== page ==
The great Mississippi has overflowed its banks, inundating towns and cities along its course in what some are calling a hundred year flood. Memphis has been struck, the waters have reached the bottom of Beale Street. New Orleans is bracing for the onslaught of the waters:
New Orleans is having a bad case of nerves. The Mississippi River has flooded catastrophically upstream and its swelling waters are moving inexorably down toward the Big Easy — and its traumatic memories of recent disasters, Katrina and the Gulf oil spill. “We’re in a weird situation,” observes Linda Jackson, an activist in the Lower Ninth Ward. Her district is particularly anxious: the neighborhood has two functioning bridges from which people can see the swelling Mississippi. The river is already at the top of many levees. The murky, dark green river is unusually choppy, causing ferries to sometimes rock uneasily. Cruise ships appear taller among this city’s bundle of downtown skyscrapers. The whole thing is drawing hordes of people to the levees, prompting the authorities to close some sections. In the Uptown area, overlooking the river, a part of the levee is a bit of dirt held together by wood — and the dirt is falling in some spots.
“Anytime we see water,” Mike Couste, an executive chef, said at the levee near the Audubon Zoo early Tuesday afternoon, “we get nervous.” Says Jackson, the neighborhood activist: “It’s only a matter of time before we flood again.”
People who farm the bottom land are philosophical. It is the richest farmland because it is flooded periodically. They knew the risks but they thought the rewards were worth them.
Some people live in the bottom land. They’ve lost everything now because they weren’t eligible for flood insurance. Some will cut their losses and leave. Others will return to rebuild as best they can. They don’t know any other way of life.
Civil engineers don’t design the systems of steel, concrete, and earth that are their work to withstand any conceivable stresses. That would be impossibly and unjustifiably expensive. Nothing would ever be built. Systems are built to withstand a 10 year flood, a 20 year flood, a 50 year flood. This spring’s floods are straining those systems but so far they’ve behaved as they were designed to.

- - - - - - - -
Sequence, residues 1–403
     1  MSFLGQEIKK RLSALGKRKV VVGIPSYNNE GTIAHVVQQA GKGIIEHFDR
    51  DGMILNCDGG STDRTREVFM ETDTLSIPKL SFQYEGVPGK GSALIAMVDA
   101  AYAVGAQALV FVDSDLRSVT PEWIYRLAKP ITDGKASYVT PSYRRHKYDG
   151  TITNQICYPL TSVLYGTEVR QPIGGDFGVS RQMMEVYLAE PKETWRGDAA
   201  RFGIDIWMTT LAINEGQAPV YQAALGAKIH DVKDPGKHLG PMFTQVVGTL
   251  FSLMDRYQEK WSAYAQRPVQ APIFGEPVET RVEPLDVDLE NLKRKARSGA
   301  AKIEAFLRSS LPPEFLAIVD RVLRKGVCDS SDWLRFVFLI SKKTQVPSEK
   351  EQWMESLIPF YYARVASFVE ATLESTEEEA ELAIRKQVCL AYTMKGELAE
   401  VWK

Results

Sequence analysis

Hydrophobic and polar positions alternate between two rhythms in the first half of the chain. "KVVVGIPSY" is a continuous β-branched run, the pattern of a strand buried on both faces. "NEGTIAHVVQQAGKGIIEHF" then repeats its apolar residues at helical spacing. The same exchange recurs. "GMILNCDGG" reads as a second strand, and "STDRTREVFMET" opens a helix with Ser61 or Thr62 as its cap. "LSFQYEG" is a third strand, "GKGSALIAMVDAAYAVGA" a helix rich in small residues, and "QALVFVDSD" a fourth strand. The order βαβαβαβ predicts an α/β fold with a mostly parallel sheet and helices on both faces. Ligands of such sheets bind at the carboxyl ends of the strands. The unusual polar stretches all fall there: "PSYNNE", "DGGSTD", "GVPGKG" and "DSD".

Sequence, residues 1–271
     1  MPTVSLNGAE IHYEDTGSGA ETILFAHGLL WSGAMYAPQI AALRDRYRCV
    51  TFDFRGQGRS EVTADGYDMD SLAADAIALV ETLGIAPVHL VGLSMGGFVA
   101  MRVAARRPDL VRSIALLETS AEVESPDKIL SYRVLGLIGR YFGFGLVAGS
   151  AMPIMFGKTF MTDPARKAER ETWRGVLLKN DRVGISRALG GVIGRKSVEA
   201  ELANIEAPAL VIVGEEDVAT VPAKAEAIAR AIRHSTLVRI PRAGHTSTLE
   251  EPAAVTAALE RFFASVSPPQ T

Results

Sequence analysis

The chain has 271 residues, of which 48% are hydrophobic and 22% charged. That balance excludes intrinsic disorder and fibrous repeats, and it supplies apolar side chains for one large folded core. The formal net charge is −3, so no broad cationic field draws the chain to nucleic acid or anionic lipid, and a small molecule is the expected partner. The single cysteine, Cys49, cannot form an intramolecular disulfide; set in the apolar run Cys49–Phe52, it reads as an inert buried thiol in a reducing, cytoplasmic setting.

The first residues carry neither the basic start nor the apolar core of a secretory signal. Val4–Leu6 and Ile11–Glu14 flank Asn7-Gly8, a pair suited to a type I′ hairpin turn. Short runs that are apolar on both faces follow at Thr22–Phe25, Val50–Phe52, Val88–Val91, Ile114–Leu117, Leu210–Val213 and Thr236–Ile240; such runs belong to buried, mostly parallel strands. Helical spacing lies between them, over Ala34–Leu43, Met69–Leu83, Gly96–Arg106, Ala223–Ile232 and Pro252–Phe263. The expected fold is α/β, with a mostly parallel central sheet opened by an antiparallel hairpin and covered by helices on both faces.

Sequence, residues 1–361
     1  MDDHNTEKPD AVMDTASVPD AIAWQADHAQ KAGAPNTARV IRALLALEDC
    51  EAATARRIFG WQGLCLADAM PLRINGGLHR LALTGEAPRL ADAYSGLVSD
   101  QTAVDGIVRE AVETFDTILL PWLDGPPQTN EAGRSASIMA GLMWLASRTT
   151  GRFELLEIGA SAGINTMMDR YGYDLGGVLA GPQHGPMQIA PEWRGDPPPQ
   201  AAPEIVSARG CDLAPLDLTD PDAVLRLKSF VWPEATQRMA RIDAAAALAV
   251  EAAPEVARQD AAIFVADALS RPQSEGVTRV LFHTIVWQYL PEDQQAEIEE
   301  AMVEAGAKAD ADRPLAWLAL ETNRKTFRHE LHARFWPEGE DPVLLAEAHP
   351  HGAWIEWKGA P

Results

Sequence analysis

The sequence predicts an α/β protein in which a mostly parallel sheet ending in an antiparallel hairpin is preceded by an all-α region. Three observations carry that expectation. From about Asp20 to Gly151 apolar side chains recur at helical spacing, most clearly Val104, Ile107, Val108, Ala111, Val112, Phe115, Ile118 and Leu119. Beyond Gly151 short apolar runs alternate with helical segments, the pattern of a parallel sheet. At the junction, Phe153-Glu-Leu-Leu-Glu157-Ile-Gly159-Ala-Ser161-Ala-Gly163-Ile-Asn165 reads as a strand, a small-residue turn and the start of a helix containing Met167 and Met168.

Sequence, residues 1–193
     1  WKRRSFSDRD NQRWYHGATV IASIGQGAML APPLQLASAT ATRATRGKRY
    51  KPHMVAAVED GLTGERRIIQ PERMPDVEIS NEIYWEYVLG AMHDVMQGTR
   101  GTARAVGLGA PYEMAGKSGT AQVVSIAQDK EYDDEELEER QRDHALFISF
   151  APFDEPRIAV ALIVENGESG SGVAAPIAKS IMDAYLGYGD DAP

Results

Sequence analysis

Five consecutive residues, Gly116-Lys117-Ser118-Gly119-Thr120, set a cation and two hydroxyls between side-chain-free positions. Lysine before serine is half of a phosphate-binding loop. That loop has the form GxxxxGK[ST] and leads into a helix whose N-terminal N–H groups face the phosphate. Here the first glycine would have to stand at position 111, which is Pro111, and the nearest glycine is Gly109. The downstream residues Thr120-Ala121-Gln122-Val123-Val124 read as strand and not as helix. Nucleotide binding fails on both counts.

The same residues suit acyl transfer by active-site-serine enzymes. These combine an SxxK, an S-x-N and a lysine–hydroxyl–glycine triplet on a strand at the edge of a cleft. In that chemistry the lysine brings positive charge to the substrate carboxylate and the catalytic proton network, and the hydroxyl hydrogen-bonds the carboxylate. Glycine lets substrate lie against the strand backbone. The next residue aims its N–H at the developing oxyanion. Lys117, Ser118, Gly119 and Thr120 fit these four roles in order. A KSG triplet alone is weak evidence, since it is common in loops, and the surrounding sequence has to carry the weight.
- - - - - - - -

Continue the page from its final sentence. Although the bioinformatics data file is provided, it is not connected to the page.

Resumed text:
Levees in Missouri have been detonated. That’s as designed. The last time that was done was more than 70 years ago. The Ensley Berm at Memphis is being reinforced and so far it’s holding.
People who live far from the river and thought themselves safe are being flooded out, too, as the waters back up every tributary. This is as designed, too.
The institutions that shore up our society have met their own hundred year flood and it strongly appears to me that they are failing. Last week the Medicare trustees announced that the Medicare Trust Fund will be actuarially insolvent in 2024. It will come much sooner than that because the assumptions on which they base their conclusions (as pointed out by their own actuaries) are hopelessly optimistic. Insolvency will come for Social Security much sooner than expected as well.
Bruce Krasting notes that the Highway Trust Fund, too, is failing:
Another trust fund going broke. In a year! Actually, these trust funds don’t go broke, they just cutback on what they are paying out. How big a cutback?
The cutback would need to be one-third.
Some of the pain is self-inflicted. We have known that the Baby Boomers would grow old and retire for nearly 70 years. It is no surprise.
I suspect that we didn’t expect a housing bubble and a financial crisis to coincide with that demographic inevitability although, as I’ve been saying here for some time, I believe that these things are all interrelated.
We are in the middle of a hundred year flood. The end of Beale Street is flooded. We need to start seeking higher ground.
The time to shore up is before the house is flooded, not after. Trying to do so afterwards will result in greater loss and a poorer job. Don’t complain that you liked your patio the way it was. The flood can’t be stopped.